“Stone Cold Crazy” was allegedly written by Mercury while in Wreckage, one of his pre-Queen bands. Queen played it live as early as 1972, but the song underwent many changes musically and lyrically before a studio version was recorded in 1974. As a result no band member was able to remember who had written the lyrics when the album was released, hence they shared writing credit. The lyrics themselves deal with gangsters, making a reference to Al Capone. It was the first song credited to all four members of Queen. This track is known for its fast tempos and heavy distortion, thus being a precursor to speed metal. Music magazine Q described “Stone Cold Crazy” as “thrash metal before the term was invented”. The song was played live at almost every Queen concert between 1974-78.
The song was covered by heavy metal band Metallica in 1990.
“Dear Friends” was May’s song featuring him on the piano and backing vocals, and Mercury providing lead vocals.
Def Leppard covered this song (sung by bassist Rick Savage) for a Wal Mart bonus EP for their cover album, Yeah!.
“Misfire” was Deacon’s first composition. He played most of the guitars including the solo, and Mercury sang all the vocals.
“Bring Back That Leroy Brown” was written by Mercury and features him on most of the vocals (with production techniques using tape speed to make it sound really low in the harmonies) as well as grand piano and jangle piano. May played ukulele-banjo and Deacon did a line with a double bass. The song’s title alludes to the then-recent hit “Bad Bad Leroy Brown” by American singer-songwriter Jim Croce (little known in Queen’s native UK) who had died in a plane crash the previous year. The song was played live in a different arrangement that shortened the song and was, except for the very end and one other line, purely instrumental. May’s ukelele-banjo would be brought onstage especially for this song.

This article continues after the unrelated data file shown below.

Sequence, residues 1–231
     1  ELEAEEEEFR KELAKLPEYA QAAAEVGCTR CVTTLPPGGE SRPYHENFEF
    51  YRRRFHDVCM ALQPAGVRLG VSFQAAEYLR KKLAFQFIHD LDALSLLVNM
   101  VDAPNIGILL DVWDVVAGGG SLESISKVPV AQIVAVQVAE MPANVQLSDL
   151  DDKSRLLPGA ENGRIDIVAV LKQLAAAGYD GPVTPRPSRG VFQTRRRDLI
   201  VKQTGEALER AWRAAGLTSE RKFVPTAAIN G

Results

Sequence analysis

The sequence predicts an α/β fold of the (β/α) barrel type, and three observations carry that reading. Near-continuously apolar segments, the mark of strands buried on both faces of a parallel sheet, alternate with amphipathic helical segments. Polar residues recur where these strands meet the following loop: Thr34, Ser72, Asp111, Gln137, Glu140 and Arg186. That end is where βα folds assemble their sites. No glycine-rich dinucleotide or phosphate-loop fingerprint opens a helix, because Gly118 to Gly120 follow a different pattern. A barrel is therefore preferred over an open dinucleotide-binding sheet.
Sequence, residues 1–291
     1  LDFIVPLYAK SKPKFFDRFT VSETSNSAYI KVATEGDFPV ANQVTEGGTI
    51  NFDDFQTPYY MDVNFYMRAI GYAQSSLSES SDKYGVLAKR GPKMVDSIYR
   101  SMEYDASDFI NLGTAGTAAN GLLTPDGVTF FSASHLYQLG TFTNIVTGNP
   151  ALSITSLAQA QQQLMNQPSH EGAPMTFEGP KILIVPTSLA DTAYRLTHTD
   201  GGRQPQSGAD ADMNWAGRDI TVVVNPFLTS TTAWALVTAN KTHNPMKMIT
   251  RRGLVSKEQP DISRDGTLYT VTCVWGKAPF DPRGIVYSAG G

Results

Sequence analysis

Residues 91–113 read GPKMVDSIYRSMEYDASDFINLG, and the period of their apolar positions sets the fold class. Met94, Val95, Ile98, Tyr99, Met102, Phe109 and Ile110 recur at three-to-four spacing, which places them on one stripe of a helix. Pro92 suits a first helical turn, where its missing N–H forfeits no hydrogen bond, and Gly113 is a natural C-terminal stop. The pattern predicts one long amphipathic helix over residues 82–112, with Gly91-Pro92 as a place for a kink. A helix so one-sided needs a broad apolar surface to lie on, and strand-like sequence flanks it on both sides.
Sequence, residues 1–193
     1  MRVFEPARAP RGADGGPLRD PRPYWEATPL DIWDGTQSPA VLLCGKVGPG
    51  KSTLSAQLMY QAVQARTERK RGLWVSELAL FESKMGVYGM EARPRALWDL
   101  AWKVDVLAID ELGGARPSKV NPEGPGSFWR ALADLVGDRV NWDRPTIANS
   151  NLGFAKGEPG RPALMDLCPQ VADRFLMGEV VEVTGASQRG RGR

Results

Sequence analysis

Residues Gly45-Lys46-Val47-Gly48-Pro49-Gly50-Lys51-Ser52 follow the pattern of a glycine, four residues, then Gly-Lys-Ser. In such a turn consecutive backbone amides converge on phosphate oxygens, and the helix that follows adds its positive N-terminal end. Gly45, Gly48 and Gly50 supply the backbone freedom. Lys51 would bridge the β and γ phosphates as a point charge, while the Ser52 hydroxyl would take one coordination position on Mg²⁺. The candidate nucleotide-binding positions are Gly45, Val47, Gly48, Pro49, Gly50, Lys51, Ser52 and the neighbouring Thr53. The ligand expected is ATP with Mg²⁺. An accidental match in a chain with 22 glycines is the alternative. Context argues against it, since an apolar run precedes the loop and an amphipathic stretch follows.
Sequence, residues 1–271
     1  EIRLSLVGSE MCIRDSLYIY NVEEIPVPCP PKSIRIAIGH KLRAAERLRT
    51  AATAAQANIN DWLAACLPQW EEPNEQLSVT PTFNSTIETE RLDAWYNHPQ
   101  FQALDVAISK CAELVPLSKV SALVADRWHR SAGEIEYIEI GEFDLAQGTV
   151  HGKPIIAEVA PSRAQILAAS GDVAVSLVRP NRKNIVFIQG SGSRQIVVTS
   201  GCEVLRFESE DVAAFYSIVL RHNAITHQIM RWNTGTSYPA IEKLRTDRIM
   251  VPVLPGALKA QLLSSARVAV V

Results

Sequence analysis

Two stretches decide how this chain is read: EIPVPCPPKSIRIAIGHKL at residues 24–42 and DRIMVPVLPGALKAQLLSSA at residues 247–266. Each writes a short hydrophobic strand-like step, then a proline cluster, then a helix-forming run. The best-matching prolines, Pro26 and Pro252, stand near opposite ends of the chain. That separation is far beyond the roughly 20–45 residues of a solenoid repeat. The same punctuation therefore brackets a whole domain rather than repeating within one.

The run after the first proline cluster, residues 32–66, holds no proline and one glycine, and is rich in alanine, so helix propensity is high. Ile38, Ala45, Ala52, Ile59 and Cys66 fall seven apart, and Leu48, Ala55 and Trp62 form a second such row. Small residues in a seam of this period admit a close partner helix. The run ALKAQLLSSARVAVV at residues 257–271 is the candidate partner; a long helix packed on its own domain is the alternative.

“She Makes Me” was written and sung by May with Deacon playing acoustic guitars. Its finale features what May referred to as “New York nightmare sounds,” which include NYC police vehicle sirens and deep-breathing sounds which accompany the closing bars.
With its powerful chorus and stadium rock-esque sound, “In the Lap of the Gods… Revisited” could perhaps be considered the forerunner to “We Are the Champions”. It bears few similarities to In The Lap Of The Gods.
Allmusic awarded the album 4.5/5 stars, writing, “the theatricality is now wielded on everyday affairs, which ironically makes them sound larger than life. And this sense of scale, combined with the heavy guitars, pop hooks, and theatrical style, marks the true unveiling of Queen, making Sheer Heart Attack as the moment where they truly came into their own”. Mojo awarded the album 4/5 stars, noting that it was “often overlooked in favour of A Night at the Opera,” and calling it “equally stellar”. Q awarded the album 5/5 stars, calling it “indispensable” and “one of the great pop/rock admixtures of the ’70s”. Pitchfork awarded the album a 9/10, writing, “Sheer Heart Attack not only improves on every aspect of their sound suggested by the first two records, but delivers some of the finest music of their career… This is the band at the height of its powers.” The BBC wrote, “they stretched contemporary production methods to their very limit with multi-layered vocals and guitars and Freddie’s vaudevillian streak finally emerged… this was the album that finally saw Queen find their true voice”.
|1.||“Brighton Rock”||Brian May||5:08|
|2.||“Killer Queen”||Freddie Mercury||3:01|
|3.||“Tenement Funster”||Roger Taylor||2:48|
|4.||“Flick of the Wrist”||Mercury||3:19|
|5.||“Lily of the Valley”||Mercury||1:43|
|6.||“Now I’m Here”||May||4:10|
|1.||“In the Lap of the Gods”||Mercury||3:20|
|2.||“Stone Cold Crazy”||Mercury, May, Taylor, John Deacon||2:12|
|5.||“Bring Back That Leroy Brown”||Mercury||2:13|
|6.||“She Makes Me (Stormtrooper in Stilettos)”||May||4:08|
|7.||“In the Lap of the Gods… Revisited”||Mercury||3:42|